David Cooper - Phish at Randall's Island, New York

For anyone who really knows me, this is pretty obvious. My favorite show of 2014 was Phish at Randall’s Island. No surprises here. But wait, this show was different! I know I say that every time but I really mean it this time! This year Phish released Fuego, their first album in five years and their subsequent summer tour was incredible. All four members of the band were en fuego throughout the whole tour and when they showed up to Randall’s Island this summer, they were relentless.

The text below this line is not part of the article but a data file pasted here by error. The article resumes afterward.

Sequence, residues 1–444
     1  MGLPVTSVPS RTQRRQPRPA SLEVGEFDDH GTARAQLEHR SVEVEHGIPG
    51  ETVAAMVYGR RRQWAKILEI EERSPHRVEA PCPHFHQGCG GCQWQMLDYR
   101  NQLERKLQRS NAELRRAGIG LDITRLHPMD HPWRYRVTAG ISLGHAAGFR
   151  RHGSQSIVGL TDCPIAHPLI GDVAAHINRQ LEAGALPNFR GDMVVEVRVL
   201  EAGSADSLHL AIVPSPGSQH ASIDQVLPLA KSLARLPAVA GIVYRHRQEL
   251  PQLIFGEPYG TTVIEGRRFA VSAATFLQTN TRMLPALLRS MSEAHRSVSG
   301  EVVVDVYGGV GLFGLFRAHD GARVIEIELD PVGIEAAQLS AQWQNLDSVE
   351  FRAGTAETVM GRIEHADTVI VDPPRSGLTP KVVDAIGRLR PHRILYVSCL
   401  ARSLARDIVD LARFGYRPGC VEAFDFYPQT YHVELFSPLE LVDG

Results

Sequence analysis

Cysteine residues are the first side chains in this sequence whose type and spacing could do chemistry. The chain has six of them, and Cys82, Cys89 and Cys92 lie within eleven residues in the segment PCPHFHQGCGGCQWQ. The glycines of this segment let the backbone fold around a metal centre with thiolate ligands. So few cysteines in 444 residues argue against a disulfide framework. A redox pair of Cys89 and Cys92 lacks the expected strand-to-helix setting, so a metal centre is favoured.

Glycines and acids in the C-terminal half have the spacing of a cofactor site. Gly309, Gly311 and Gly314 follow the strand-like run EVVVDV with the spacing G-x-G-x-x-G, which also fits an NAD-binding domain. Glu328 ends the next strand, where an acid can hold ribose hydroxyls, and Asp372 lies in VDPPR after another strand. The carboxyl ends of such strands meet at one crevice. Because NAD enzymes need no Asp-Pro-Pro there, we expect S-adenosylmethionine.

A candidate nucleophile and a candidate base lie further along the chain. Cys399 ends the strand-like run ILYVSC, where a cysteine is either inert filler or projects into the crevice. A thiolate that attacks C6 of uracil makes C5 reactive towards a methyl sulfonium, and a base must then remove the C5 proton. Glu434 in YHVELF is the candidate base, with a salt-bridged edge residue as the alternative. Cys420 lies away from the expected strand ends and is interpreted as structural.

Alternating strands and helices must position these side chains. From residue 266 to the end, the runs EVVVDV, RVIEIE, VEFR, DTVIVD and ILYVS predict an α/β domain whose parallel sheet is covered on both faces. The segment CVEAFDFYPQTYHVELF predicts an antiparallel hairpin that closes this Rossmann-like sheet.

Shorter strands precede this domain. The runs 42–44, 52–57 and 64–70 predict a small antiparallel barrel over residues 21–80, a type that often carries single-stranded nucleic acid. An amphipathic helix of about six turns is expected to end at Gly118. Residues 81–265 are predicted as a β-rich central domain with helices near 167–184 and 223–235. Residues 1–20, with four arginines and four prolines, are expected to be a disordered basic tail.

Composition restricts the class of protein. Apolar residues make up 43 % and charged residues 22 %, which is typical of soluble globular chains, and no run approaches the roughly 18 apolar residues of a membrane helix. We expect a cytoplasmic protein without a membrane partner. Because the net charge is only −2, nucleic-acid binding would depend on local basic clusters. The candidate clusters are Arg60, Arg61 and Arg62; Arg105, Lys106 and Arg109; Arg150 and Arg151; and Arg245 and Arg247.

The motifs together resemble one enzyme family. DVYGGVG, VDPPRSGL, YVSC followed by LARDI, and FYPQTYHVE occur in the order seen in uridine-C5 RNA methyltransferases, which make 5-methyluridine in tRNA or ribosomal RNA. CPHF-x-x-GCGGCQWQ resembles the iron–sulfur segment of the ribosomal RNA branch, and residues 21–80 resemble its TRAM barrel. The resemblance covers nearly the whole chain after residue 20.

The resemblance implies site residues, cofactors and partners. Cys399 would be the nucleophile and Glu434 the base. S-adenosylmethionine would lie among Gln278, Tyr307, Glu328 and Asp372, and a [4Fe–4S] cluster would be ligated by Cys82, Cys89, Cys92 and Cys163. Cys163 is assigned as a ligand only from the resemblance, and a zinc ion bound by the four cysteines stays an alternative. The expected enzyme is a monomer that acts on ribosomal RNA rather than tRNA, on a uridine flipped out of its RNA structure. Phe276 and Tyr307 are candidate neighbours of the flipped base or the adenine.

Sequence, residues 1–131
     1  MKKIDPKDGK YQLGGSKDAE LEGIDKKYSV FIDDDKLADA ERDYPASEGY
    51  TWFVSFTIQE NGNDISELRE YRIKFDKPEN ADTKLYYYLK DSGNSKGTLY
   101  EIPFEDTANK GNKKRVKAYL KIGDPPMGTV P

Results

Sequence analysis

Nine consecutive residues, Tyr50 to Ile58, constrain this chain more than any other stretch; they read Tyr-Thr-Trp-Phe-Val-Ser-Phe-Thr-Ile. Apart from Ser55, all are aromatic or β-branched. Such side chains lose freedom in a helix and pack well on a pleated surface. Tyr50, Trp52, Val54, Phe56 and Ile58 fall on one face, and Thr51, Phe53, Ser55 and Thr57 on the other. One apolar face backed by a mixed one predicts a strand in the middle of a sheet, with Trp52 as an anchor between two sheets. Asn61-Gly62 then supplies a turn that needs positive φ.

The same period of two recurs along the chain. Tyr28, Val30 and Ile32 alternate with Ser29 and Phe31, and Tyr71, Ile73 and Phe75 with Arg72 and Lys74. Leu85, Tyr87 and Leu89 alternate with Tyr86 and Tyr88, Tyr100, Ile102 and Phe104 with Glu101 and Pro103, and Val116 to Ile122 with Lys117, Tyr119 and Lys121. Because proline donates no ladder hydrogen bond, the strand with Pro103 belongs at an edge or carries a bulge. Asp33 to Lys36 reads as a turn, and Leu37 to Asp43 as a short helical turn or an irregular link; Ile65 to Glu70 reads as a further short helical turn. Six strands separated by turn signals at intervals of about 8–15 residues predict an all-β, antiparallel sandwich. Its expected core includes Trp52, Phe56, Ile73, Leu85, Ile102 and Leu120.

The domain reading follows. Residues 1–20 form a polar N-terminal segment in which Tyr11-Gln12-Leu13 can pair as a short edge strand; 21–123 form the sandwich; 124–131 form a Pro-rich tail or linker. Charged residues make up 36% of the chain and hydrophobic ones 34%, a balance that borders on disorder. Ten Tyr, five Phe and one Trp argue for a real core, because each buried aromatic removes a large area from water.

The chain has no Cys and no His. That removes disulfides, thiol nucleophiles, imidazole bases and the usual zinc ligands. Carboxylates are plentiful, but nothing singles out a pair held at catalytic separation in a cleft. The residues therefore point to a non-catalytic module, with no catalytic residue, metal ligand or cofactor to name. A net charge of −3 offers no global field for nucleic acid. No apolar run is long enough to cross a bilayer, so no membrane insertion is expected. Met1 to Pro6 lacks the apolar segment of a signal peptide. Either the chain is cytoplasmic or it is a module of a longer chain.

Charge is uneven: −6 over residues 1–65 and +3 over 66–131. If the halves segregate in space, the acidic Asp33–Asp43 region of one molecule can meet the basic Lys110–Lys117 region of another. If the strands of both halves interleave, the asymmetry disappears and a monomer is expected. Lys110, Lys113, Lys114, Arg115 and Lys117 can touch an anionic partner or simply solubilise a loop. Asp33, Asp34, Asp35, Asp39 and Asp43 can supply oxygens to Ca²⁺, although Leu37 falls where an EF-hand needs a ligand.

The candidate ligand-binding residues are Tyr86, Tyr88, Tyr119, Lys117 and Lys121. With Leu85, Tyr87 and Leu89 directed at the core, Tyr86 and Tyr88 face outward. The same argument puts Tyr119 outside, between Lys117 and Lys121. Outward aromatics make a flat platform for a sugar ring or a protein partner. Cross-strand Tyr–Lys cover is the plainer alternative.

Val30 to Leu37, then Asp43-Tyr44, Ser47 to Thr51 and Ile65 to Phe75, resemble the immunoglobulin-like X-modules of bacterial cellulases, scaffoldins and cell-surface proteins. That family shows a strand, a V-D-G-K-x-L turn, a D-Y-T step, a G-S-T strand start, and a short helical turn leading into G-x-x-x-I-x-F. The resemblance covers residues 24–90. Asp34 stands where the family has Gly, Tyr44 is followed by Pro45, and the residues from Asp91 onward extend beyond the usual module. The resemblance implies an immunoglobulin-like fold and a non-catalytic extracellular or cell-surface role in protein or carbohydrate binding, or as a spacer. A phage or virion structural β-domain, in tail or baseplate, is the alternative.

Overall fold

If you’ve never seen Phish live, you really should see them at least once. The whole concert is just a big party. Everyone there is so friendly; they just want to hang out, listen to some music, and have a great time. Smiles and laughter donned the faces of audience members as we waited for the band to take the stage. I was standing about 5 rows back from Trey and the light show was mesmerizing as usual. But like I said before, this show really was different. In the past five years, I’ve never seen Phish so in sync. It was clear that they were really listening to each other on stage, improvising new musical ideas at the drop of a hat. After a killer first set that featured a funky “Sand”, an absolutely blissful “Winterqueen”, and a “Maze” that sounded exceptionally evil, Phish took the stage for their second set. The first three songs, “Chalkdust Torture”, “Light”, and “Tweezer”, bled into each other for a forty-five minute long jam. Can you believe that? They jammed over three songs for almost an hour. I kept waiting for the music to taper off but Phish pushed themselves further and further into the unknown, perfectly playing off each other to create one of the best jams I’ve ever heard. Finally, the show ended with an ecstatic “Slave to the Traffic Light” and a “Tweezer Reprise” that had Trey grinning and dancing across the stage. What a fun show. I left in a state of awe and I couldn’t wait to listen to the recording when I got home. If you’d like to give it a listen, let me know and I can send it to you.